Bill Cosby

Bill Cosby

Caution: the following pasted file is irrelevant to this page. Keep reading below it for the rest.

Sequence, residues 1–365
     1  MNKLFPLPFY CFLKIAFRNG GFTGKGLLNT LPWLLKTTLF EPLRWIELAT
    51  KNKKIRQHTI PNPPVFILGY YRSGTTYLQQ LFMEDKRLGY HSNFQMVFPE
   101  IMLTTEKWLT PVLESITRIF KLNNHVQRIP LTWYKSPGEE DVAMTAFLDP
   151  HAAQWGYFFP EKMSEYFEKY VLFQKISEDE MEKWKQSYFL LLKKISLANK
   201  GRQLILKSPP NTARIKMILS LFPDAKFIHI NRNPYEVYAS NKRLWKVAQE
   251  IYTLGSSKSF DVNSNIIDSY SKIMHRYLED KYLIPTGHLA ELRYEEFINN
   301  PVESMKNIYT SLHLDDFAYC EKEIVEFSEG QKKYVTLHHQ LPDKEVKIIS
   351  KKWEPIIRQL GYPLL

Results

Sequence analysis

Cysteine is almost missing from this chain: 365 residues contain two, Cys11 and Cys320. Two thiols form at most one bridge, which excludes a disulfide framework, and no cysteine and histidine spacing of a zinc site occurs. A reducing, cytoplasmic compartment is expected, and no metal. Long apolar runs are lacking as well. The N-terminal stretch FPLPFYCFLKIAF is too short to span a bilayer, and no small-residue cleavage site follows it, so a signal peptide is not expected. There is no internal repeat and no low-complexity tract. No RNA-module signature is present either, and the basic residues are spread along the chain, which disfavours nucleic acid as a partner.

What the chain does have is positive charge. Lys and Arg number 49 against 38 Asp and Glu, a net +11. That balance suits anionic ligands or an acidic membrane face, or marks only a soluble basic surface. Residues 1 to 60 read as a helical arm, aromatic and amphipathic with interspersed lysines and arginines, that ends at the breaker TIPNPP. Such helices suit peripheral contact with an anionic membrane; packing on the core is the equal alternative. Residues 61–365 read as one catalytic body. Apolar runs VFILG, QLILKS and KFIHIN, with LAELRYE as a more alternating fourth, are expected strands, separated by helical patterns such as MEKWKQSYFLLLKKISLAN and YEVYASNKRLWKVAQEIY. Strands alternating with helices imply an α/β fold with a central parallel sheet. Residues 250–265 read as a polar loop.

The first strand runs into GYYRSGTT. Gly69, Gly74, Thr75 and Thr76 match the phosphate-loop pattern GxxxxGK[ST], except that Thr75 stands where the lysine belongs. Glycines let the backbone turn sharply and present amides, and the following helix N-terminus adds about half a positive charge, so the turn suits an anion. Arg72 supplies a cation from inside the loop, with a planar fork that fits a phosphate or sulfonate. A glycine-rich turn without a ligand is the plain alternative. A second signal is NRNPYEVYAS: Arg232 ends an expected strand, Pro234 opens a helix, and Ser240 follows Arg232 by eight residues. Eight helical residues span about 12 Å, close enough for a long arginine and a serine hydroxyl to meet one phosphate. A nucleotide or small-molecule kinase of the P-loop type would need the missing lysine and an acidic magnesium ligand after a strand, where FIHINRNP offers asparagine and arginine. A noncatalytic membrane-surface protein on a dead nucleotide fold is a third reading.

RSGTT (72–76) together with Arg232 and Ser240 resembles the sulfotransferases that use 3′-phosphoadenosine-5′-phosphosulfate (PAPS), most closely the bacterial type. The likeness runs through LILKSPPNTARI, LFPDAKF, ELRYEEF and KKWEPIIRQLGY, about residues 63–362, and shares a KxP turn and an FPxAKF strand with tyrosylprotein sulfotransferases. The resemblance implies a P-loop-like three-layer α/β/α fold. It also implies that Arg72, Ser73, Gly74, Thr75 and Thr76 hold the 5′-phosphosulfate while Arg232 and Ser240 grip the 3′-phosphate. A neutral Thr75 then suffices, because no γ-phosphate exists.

Bill Cosby was one of America's best-loved TV stars, but his son's death in a drive-by shooting and court battles over alleged sexual assaults have left the family man's image in tatters. William H. Cosby Jr. first took to the stage as a stand-up comedian while at college. By his early twenties, he had appeared in a number of television variety programmes including ‘The Ed Sullivan Show’ and ‘The Johnny Carson Show’. However, his big break came in 1965 when he appeared as Alexander Scott in ‘I Spy’, winning numerous Emmys for his performance. In 1969, he starred in his own series, ‘The Bill Cosby Show’. He was also one of the major characters on the children's television show ‘The Electric Company’ for its first two seasons, and created the humorous educational cartoon series ‘Fat Albert and the Cosby Kids’, about a group of young friends growing up in the city. Cosby also acted in numerous films, although none has received the acclaim of his television work. In 1984, ‘Fat Albert and the Cosby Kids’ stopped production, and ‘The Cosby Show’ commenced. This portrayal of a middle-class African-American family – the Huxtables - was originally rejected by ABC, accepted by a then-floundering NBC, and became an almost instant success. From 1985 to 1987 the show broke viewing records, with Cosby becoming a real driving force in US television during the 1980s. ‘The Cosby Show’ finally stopped production in 1992, conceding its dominant position to the cartoon series, ‘The Simpsons’. Cosby was also dissatisfied with the way ethnic minorities were portrayed on television. He produced the TV series ‘A Different World’ in 1987, which was set in a historically black college and concentrated on young people and education.